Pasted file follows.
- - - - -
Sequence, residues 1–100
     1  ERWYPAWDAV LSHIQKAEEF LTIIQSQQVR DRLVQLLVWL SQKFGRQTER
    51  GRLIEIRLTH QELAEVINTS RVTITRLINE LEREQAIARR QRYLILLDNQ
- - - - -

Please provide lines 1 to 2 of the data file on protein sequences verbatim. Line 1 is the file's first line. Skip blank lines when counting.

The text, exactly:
Sequence, residues 1–100
     1  ERWYPAWDAV LSHIQKAEEF LTIIQSQQVR DRLVQLLVWL SQKFGRQTER